And those flaws in most review systems are real; over time, almost every restaurant ends up with three or three-and-a-half stars on a scale of one to five, rendering the information useless. Or worse, fake reviews get posted, either very low by competitors or people with some other ax to grind, or very high by friends helping restaurants and other businesses game the system.
Whether you seek out and read on-line reviews when deciding what restaurants to eat at, which Doctors to use, or pretty much anything else, you need to keep that in mind. In other words, Perception is Reality.
This weekend I acquired a new perception point. My Reality may never be the same.
After reading one glowing review after another, I visited The Little Owl. The Little Owl has a four or four-and-a-half star rating amassed over nearly six hundred reviews at Yelp and MenuPages, and with my girlfriend and I on a continuing quest for the perfect brunch, we hustled to The Little Owl to be at the very small and very precious eatery when they opened the doors.
Long story short: The Little Owl was … only OK. Nothing bad happened, the food was decent, the service was acceptable, and The Little Owl is as cute as a bug and located in a place that helped make the rest of our morning fun, but there’s no way The Little Owl deserves the kind of aggregate outstanding reputation attributed to it by the on-line community.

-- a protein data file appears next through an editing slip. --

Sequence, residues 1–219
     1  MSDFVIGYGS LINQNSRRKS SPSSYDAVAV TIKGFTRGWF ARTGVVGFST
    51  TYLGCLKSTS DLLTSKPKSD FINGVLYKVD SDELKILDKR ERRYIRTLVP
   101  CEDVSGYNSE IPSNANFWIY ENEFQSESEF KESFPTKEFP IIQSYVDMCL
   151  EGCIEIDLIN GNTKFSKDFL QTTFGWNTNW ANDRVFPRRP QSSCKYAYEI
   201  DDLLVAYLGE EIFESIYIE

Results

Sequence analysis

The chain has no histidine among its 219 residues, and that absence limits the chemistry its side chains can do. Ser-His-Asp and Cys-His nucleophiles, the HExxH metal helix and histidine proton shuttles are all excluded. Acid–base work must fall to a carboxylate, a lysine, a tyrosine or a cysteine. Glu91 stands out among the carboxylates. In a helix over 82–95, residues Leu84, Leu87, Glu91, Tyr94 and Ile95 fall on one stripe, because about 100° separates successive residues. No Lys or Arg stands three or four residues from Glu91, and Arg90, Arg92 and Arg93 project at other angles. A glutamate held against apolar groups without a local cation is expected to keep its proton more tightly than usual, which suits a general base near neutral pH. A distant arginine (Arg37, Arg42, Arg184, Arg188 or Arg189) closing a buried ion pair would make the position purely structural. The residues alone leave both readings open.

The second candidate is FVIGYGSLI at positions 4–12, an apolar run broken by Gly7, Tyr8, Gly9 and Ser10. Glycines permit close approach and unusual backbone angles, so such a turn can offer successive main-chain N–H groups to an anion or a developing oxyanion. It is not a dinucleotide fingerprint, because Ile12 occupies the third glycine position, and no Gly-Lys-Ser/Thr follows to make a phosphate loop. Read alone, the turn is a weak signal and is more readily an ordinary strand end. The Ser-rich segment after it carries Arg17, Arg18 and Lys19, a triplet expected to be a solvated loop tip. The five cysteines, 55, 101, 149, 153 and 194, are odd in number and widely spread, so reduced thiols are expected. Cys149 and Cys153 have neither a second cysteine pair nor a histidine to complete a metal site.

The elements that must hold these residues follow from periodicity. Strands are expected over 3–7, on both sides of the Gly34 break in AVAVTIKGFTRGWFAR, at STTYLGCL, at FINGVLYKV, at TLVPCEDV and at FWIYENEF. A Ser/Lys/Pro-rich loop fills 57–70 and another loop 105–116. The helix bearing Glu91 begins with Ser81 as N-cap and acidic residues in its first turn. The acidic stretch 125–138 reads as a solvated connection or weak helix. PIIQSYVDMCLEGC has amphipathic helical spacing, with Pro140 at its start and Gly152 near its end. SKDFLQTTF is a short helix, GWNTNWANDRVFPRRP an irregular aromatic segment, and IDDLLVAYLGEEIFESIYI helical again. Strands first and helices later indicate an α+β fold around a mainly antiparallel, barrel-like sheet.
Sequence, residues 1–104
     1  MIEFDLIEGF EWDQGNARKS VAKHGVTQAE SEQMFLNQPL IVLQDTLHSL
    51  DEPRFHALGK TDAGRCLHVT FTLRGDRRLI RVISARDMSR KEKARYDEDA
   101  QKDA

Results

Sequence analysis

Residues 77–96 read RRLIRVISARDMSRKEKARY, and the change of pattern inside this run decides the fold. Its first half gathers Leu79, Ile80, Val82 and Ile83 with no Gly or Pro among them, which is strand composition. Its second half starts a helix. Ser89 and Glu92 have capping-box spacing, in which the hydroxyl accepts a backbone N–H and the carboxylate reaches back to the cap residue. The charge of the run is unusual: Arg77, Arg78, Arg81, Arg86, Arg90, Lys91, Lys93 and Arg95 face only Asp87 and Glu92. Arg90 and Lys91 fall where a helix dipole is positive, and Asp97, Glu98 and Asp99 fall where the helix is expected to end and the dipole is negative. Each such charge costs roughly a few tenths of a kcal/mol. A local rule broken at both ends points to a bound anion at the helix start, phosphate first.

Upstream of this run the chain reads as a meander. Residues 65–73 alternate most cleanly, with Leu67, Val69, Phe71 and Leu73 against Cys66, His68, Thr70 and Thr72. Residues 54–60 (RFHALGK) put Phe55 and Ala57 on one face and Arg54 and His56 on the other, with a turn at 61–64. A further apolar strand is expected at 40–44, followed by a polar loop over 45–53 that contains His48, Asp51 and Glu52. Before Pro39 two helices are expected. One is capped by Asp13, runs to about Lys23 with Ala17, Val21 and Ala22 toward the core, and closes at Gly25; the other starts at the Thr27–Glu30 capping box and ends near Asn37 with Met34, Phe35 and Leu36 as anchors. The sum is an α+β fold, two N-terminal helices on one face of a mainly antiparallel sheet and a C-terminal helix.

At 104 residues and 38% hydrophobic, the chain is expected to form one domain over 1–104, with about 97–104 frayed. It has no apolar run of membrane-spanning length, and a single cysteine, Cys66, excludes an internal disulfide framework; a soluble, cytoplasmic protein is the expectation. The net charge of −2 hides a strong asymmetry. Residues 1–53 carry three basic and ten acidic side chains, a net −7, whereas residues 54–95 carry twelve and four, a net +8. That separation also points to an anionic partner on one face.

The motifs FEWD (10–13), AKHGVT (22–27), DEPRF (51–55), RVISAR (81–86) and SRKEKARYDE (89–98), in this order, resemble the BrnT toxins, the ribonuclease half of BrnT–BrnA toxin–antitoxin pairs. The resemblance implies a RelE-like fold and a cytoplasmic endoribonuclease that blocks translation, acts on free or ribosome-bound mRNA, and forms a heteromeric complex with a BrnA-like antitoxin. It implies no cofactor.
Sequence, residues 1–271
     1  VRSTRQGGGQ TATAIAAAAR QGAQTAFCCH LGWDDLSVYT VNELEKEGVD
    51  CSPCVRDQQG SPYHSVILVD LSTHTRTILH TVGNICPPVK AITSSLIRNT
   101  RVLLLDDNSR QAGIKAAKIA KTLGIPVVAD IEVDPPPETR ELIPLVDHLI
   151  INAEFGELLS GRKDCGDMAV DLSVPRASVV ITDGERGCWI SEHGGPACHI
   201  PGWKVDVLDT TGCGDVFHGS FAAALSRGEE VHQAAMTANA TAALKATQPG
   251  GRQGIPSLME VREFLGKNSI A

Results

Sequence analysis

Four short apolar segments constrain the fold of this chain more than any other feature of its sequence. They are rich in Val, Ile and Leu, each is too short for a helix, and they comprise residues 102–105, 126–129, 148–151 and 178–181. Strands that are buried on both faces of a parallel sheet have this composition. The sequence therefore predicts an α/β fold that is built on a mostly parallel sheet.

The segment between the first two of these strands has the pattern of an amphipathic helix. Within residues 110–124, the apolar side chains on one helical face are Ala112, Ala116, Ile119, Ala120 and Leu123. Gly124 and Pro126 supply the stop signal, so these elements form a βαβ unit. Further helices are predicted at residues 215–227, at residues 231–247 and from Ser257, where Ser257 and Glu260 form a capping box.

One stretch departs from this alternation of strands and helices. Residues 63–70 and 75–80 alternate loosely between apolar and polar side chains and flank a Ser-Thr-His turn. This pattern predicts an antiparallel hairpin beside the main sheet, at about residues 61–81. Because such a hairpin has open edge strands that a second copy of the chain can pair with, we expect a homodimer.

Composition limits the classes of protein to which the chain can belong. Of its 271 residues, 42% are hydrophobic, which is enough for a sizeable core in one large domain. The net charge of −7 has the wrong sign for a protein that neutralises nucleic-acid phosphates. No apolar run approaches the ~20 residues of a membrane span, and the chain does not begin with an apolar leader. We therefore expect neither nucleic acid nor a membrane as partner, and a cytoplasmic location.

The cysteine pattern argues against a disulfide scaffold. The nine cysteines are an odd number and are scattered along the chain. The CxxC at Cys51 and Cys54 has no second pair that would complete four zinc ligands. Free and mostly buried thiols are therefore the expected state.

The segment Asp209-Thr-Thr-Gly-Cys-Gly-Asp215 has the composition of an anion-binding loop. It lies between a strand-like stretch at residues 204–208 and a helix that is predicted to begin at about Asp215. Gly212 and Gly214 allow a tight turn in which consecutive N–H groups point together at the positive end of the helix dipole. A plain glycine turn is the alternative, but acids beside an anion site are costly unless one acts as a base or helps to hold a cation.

Until you alter perception to fit reality.
What if instead of looking at The Little Owl as a destination brunch spot I change my perception to match the reality that “as a neighborhood place The Little Owl is perfectly fine … maybe better”?
Even Penelope would fare better under those circumstances. In fact, we talked about that as we ate at The Little Owl. Viewed as a neighborhood place, Penelope is a perfectly acceptable middle-of-the-road brunch spot. But viewed from my unique perception, reality becomes that neither The Little Owl nor Penelope is worth getting excited about and traveling to.
Business change is sometimes as simple as changing perception to create a new reality. My position about the value of Service Level Agreements is a great example. Even this story about tipping fits into the discussion.
And it all begins with Trust.